As a kid, I watched with fascination as my beautiful olive-skinned mother spackled her upper lip with Jolen cream bleach and set a timer. Woozy from the fumes, I made a secret vow to prefer a mustache. But shaving my legs? I could not wait.
She tried to stall me. “Oh, honey, put it off as long as you can. You’ll be doing it forever,” said the woman with little caked bits of white stuff falling off her face. Her words barely registered. Why my friends and I were so eager, I cannot remember, except that it was a rite of passage, like going up a size from the “training bra.” Our fuzzy sunburned legs looked childish. And so, we raced to denude them. That first night, slick as a seal, I felt like I was going to slide right out of bed. It was like leaving a high-stress job or a bad boyfriend—in one swoop, all the friction was gone.
We shaved our underarms, too—probably before we even needed to, leaving little red dots and new-razor slashes. And yes, soon it was a chore, but the pleasant, girlie sort, like polishing your fingernails, because you could admire (and hope someone else would) the result. A few more years passed before anyone preached to us about the “bikini line,” and we never dreamt of shaving those proud new curls between our legs.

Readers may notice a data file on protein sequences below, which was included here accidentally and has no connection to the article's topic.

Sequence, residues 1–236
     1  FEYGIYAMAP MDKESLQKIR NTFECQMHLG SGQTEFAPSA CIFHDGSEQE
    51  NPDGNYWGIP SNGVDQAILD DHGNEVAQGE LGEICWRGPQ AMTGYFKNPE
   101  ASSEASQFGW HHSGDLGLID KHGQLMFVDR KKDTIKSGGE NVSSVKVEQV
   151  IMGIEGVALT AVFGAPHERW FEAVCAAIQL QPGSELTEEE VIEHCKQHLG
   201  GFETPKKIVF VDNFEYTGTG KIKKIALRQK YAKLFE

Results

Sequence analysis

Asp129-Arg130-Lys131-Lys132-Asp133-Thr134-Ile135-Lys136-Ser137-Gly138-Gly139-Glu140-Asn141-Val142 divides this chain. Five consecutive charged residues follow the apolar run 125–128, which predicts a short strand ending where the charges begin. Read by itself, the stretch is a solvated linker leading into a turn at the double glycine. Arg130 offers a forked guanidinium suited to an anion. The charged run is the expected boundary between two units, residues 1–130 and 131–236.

Now the rules have flip-flopped. Leaving one’s legs and underarms fuzzy is the new feminist statement. Yet the curious and disturbing appeal of prepubescence is still dictating the most private and uncomfortable shave of all. (How is that feminist?)
The fluctuating mix of exhortations goes back a long way: copper razors were used in Egypt in 3000 BCE by women who shaved their heads and considered pubic hair uncivilized. In the second century BCE, Ovid urged women to smooth themselves, so “that no rude goat find his way beneath your arms and that your legs be not rough with bristling hair.” Those poor women who lived before air-conditioning and Amazon used sharpened stones to shave their bodies. But the fashion did not last.